|A nice photo of a Harpoon missile launch to get everyone in the missile mood|
Everyone began arriving at my place around 9:00 AM and we spent the next hour catching up on things, talking about the projects we are all working on and planning, and munching on some breakfast snacks.
After a short review of all the rules (probably too short), the teams moved to their own areas to talk over how they would allocate their discretionary spending money to upgrade their fleets. The upgrades list included modifications for their ships, special armaments, and even spying on the enemy. Both sides picked some obvious upgrades, such as buying some air-launched surface to surface missiles for their strike planes, to some less obvious ones like improving the silencing on some submarines to make them harder to detect.
With the pre-game spending done, each side created task groups with ships and assigned them to the scenario and reserve areas. This is where the players did something that I didn’t really expect. During the setup, they asked if they needed to allocate a task group to each scenario area, I said no (I should have said yes). So, instead of planning to fight three battles, each side allocated a token force to their home scenario area and piled all their other ships into Avalon Strait. This meant that the Battle of Avalon Strait would decide the whole campaign. For the Battle of Avalon Strait, Big Blue brought their cruiser and all their frigates to the battle, splitting the ships into two task groups. Great Red brought their modern frigates and missile boats, split into two task groups, and their two extra quiet submarines. Both sides also put up four planes on Combat Air Patrol (CAP) over the strait. The surface task groups started on the edges of the strait, while the submarines set up in the middle of the board.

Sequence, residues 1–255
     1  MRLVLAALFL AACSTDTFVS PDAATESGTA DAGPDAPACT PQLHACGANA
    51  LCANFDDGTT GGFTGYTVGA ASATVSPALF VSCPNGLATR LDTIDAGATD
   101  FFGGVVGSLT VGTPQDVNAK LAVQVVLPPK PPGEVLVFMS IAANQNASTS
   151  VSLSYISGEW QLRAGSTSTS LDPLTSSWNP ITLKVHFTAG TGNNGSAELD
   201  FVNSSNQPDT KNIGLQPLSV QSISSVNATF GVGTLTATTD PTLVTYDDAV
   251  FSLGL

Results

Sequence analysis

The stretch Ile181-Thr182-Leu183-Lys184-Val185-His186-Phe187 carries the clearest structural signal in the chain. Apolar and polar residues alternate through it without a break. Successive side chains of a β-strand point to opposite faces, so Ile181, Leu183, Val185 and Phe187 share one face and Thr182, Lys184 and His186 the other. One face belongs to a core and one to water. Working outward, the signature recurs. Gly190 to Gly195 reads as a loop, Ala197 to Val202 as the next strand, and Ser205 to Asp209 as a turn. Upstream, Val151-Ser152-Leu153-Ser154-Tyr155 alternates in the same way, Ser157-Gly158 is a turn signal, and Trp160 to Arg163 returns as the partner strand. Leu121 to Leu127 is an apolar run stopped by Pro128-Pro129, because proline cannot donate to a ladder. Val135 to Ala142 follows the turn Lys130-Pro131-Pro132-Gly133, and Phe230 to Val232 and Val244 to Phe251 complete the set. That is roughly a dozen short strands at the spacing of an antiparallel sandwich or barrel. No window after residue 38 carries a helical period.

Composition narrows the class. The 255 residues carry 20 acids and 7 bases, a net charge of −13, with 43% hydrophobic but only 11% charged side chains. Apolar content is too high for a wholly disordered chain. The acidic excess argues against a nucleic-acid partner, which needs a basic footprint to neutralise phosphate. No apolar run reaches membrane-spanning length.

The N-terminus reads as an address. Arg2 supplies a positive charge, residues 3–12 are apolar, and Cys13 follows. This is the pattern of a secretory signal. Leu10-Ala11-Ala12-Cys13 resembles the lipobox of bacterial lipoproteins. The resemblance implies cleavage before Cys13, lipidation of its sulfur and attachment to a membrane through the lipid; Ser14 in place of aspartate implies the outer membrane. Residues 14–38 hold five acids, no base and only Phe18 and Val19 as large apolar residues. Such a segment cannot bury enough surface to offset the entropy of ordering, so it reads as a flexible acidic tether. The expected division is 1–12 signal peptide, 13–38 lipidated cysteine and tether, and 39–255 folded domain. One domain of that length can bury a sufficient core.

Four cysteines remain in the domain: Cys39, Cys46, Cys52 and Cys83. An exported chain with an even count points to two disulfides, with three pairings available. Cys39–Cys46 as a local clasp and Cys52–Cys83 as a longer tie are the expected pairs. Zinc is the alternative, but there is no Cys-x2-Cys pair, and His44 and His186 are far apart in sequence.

|Blue frigate task group|
|Blue cruiser task group|
|One of the Red mixed frigate-missile boat groups|
|Red players moving their ships|
|Blue groups done moving|
|Blue airstrikes not hitting much|
|Red helicopters lead the formation|
|Blue helicopters start their sub hunt|
|Opposing forces continue to close (sorry for the fuzzy photo)|
|Blue's cruiser sinking after torpedo hits|
|The other Red sub sinks a frigate|
|One more Blue frigate takes torpedo hits (with the failed morale die in the background)|
|The Commander of the Blue frigate group orders "All ahead, flank speed."|
|A Red missile boat goes down (the first ship loss for Red)|
|A Red frigate take missile hits|
|Return fire sinks two Blue frigates|
|Both sides move into pistol range|
|More Red ships close for attack|
|More Blue ships take hits, while more Red missile boats move in from the right|
Both sides agreed that there were things they would have done differently if they had known more about how the game would play out, so maybe there will be some interest in using the Seastrike system again for a rematch. The system is pretty easy to understand and provides clear results.
|The 2017 DANG crew|